January 26, 2013
DPLA: A noble but controversial effort to create a national digital library system
The DPLA initiative may not be high on law librarians' "event horizon" at the moment but it has produced a fair amount of concern and criticism in public and education library circles. In his recent LLRX article, David H. Rothman writes:
Beyond doubt, the Harvard-originated national digital library initiative is an underachiever in K-12 matters. That's merely one area where the DPLA could better serve America's libraries and their users. Some other problematic areas range from family literacy to the content creation needs of local libraries, and preservation and digital divide efforts. Ahead, while urging massive incremental funding of the DPLA despite its extremely fixable shortcomings, I'll put forth specific remedies.
See Rothman's article, The risks if the DPLA won’t create a full-strength national digital library system: Setbacks for K-12, family literacy, local libraries, preservation, digital divide efforts? for more. Highly recommended. [JH]
January 25, 2013
It's Time for AALL's Annual "Make a Difference" Ritual by Nominating Leaders Pack Followers to Elected Office
According to AALL's Jan. 2013 eNewsletter, if you want to make a difference, then consider running for election to an AALL national office:
AALL is looking for the next leaders of the Association.
If you or someone you know has proven leadership experience, commitment to law librarianship, and the demonstrated ability to think strategically, please consider serving on the AALL Executive Board.
The Nominations Committee is asking members to nominate individuals for the 2013 AALL Executive Board election. The committee is looking for strong candidates for the offices of vice president/president-elect, secretary, and two Executive Board members. The election will be held in November for three-year terms beginning July 2014.
If you or someone you know is ready to serve on the AALL Executive Board, let the Nominations Committee know. The chair of this year's committee is Catherine Lemann of the U.S. Court of Appeals for the Fourth Circuit Library. You can email her your nomination. The committee is accepting nominations through March 15.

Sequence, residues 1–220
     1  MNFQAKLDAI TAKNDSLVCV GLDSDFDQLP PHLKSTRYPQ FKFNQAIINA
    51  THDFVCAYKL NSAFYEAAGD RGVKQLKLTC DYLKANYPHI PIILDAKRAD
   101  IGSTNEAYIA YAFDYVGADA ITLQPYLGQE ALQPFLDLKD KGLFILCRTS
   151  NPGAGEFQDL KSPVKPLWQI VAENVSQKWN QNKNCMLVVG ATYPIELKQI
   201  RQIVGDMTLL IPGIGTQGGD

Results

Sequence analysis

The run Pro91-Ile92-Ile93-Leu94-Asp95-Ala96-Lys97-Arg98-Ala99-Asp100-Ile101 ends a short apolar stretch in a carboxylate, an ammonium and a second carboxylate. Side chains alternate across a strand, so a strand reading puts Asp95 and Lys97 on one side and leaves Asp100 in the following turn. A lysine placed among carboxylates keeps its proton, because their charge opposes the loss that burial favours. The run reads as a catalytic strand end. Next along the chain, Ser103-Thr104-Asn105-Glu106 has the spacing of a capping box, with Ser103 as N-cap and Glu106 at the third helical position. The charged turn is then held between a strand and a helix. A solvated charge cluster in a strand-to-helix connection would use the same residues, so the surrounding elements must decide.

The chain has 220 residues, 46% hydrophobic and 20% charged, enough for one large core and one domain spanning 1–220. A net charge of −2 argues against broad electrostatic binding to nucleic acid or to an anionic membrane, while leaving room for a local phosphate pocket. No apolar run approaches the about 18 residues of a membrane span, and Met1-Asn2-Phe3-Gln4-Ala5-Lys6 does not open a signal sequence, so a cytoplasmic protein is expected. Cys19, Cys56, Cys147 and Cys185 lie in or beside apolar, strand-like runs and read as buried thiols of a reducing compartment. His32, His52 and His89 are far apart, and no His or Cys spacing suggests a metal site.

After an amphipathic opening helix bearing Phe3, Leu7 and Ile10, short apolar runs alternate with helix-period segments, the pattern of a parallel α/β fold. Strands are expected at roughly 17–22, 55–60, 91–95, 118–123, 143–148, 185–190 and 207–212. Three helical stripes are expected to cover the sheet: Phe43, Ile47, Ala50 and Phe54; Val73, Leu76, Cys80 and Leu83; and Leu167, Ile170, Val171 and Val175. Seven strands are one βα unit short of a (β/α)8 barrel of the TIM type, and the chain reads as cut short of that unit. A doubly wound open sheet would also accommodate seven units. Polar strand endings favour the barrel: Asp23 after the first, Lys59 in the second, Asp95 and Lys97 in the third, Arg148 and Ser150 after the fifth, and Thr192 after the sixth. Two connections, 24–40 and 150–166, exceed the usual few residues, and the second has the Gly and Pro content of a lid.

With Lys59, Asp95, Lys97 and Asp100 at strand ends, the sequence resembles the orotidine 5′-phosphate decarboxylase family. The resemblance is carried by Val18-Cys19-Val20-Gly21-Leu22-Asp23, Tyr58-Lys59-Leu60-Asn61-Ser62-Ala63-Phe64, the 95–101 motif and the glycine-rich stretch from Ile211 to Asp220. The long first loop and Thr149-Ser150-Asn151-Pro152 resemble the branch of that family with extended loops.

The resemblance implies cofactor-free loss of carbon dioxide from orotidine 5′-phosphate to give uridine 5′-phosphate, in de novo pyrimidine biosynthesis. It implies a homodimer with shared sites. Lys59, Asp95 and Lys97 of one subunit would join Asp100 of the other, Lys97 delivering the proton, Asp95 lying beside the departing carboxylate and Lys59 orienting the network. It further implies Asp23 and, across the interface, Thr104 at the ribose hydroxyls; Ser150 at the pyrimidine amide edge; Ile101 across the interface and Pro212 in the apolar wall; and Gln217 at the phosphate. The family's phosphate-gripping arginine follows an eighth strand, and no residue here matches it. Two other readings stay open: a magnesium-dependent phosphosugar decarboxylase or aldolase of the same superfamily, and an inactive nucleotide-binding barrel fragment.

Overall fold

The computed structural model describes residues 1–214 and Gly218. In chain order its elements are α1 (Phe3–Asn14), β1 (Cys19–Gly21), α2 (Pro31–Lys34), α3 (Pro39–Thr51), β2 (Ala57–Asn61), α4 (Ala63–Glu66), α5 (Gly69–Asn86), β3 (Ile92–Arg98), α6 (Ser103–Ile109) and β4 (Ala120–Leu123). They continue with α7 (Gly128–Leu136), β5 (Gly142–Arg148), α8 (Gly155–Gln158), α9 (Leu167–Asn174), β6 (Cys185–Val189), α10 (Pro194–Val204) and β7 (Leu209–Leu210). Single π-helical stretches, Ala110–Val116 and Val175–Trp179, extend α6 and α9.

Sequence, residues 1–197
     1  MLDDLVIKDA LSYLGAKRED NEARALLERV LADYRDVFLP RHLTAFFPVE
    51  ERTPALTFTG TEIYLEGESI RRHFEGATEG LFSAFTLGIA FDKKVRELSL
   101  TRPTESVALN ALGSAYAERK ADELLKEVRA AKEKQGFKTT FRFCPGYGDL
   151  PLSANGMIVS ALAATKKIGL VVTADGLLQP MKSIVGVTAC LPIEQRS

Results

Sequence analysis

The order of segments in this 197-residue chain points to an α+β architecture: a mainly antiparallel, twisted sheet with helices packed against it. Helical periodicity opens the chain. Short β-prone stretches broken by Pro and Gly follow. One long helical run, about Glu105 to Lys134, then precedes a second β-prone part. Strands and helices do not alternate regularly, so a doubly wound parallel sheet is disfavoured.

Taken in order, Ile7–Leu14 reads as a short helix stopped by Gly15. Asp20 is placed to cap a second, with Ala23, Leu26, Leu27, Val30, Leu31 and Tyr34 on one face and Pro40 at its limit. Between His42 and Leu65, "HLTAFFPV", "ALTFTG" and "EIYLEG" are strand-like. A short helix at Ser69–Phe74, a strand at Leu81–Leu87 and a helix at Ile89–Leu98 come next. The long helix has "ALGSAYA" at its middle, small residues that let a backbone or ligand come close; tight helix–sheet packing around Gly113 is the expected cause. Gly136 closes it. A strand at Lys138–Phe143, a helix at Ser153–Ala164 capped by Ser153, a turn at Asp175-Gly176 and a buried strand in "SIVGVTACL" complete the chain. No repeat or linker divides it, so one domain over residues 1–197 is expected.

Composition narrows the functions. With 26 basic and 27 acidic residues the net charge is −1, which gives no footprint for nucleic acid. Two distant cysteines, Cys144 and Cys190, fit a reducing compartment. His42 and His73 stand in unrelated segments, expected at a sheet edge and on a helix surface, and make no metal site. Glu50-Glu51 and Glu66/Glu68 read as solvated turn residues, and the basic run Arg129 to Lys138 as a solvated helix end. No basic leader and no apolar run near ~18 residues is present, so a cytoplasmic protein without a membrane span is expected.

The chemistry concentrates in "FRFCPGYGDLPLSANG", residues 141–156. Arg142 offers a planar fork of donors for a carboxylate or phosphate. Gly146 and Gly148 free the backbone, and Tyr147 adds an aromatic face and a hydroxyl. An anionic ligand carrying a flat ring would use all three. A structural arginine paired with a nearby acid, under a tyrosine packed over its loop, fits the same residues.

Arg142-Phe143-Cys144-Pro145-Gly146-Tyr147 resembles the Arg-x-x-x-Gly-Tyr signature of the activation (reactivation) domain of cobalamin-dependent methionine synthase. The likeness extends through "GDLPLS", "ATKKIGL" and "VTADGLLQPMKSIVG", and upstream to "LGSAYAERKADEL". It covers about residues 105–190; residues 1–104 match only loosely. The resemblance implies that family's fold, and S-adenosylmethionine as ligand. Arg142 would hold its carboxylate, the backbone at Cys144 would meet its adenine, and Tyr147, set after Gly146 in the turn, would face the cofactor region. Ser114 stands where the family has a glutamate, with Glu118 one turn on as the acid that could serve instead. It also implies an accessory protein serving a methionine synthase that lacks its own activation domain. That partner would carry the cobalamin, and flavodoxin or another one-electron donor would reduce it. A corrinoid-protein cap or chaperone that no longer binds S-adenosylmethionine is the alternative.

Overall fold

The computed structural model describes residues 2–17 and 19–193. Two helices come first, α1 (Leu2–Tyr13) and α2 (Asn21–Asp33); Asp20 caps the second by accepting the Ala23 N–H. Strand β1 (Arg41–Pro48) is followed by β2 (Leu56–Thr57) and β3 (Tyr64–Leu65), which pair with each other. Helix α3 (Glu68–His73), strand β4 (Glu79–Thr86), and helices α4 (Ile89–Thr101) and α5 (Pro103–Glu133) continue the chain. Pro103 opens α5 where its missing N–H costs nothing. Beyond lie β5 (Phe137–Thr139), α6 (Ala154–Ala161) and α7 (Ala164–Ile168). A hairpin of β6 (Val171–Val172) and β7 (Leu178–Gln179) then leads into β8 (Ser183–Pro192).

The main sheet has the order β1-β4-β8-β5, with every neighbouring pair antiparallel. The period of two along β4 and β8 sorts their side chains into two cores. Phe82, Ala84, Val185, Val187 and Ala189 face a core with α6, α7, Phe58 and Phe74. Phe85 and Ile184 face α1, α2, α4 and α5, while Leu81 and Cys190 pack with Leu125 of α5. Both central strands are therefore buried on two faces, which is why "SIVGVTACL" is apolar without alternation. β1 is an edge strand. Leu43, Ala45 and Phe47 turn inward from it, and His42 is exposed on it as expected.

(Email link omitted because ...)
OK, to quote REM, "here we go" again. Of course the chair of the Nominations Committee is well within the E-Board's status quo comfort zone for screening out "trouble makers" because she is a former AALL President. This year's Nominations Committee chair was featured performing one of her official presidential but not necessarily leadership duties in a circa 1991 shiny happy people holding hands video with "Jenny Westlaw" at Denver 2010.
Besides wondering where "Jenny Westlaw" is today, my hunch is (1) any "trouble making" elected AALL president would not be featured in this sort of vendor AALL member sponsored pablum without substantial editing of the video; and (2) nor would a former "trouble making" AALL president be chair of the Nominations Committee. It would take the concerted actions of the rank-and-file to get to either (1) and (2) but that is not likely to happen anytime soon. At best, see if the Nominations Committee even permits a "rogue" law librarian this year to be on the ballot. Even if that happens, there is no doubt in my mind that AALL's old boys-girls club will campaign behind closed doors for the "safe" candidate(s) also on the ballot for the same offices.
Absent the election to national offices of law librarians who have a proven track record of being willing to stick their neck out to make a difference, our association's leaders are nothing more than followers trying to catch up to the rank-and-file. [JH]
Friday Fun: The Corporate Amplication Device of AALL's "Vendor Partners" and Their (But Not Our) Business Plans
If loudness equals power (and it does), how do law library institutional buyers get loud enough to drown out the nonsense of our association's so-called "vendor partners" while AALL officially knees down before the altar of vendor business plans to offer sacrifices as well as to alter, as in to castrate, to spay, their own library, not vendor, member institutions' business plans? Both are something other library associations refuse to do because they neither sacrifice nor try to silence castrate their member insitutional buyers' business plans. They loudly advocate for their institutional buyers and patrons.
Our so-called vendor partners are "whales." So far AALL is nothing more than "whale louse". [JH]
January 24, 2013
Harper's Publisher Says Google Steals Its Content, Buries Harper's In Search
I’ve read many an attack on Google for all kinds of reasons, some valid, and some not. I usually don’t encounter one that is so misguided that reading it would turn eye-rolling into an art form. John R. MacArthur publishes Harper’s Magazine. He recently published a rant editorial criticizing Google for “stealing” copyrighted information for the company’s own benefit and profit. “Media barons,” he calls Google executives Larry Page, Sergey Brin, and Eric Schmidt. His complaints are typical of the aggrieved publisher seeking an easy target. Here’s an example:
Google’s bias for search results that list its own products above those of its competitors is now well-known, but equally damaging, and less remarked, is the bias that elevates websites with free content over ones that ask readers to pay at least something for the difficult labor of writing, editing, photographing, drawing, and painting and thinking coherently. Try finding Harper’s Magazine when you Google “magazines that publish essays” or “magazines that publish short stories” — it isn’t easy.